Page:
The Hellers' lease with the Tanquarys provided, inter alia, that the tenant had the right to make such alterations, changes, and improvements to the interior of the building located on the subject premises as it deemed necessary or desirable, and that no alterations, changes, or improvements costing more than $10,000.00 would be made without the written approval of the landlord. This provision was incorporated by reference into the lease agreement between Kidd-Heller and Car-X. In addition, the lease agreement between Kidd-Heller and Car-X provided that the lessee could make such improvements to the premises as it deemed desirable but not to exceed $20,000.00 aggregate cost, and that additional improvements beyond $20,000.00 required the written approval of Kidd-Heller.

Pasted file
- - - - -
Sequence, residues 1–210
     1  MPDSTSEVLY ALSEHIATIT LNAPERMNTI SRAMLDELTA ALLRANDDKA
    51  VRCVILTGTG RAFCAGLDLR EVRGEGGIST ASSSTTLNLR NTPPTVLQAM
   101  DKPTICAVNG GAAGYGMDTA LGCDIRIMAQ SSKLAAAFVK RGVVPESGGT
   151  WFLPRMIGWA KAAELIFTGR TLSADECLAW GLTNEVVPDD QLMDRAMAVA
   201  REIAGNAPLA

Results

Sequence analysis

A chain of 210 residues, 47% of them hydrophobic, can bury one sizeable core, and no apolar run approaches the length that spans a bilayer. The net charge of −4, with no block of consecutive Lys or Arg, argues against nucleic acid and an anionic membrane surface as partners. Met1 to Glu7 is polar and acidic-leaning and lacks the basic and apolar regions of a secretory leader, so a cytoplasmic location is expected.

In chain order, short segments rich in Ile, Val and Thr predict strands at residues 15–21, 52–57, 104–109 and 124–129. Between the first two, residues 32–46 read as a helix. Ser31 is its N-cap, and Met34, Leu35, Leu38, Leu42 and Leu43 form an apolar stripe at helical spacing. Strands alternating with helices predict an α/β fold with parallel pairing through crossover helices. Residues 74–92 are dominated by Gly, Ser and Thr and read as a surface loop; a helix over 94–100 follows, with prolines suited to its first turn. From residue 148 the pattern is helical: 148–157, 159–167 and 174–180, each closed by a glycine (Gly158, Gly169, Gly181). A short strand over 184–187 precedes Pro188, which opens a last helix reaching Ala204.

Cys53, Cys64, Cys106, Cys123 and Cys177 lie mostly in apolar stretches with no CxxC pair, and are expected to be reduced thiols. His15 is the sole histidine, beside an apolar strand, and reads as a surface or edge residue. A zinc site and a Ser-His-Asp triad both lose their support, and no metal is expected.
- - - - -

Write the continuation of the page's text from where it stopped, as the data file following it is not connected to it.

In May, 1977, Mufflers, Car-X's sublessee, built an attached storage building next to Kidd-Heller's automotive structure at a cost of $7,140.00. At the same time, Mufflers removed certain improvements belonging to Kidd-Heller, namely guttering, outside lights, and a chain link fence worth $4,700.00. Mufflers did not get Kidd-Heller's permission to make this addition or the removals. In May, 1979, Kidd-Heller learned of the changes and asked the president of Mufflers to remove the new building and restore the fence, lights, and guttering since she had never given her permission for the changes. The president of Mufflers advised Kidd-Heller that he could not restore the fence, lights, or guttering because they had been disposed of. A dispute ensued wherein Kidd-Heller threatened to file suit against Mufflers because the alterations and removals were made without her permission, as, she contended, was required by the two leases in question, i.e., the Hellers' lease with the Tanquarys and Car-X's lease with Kidd-Heller.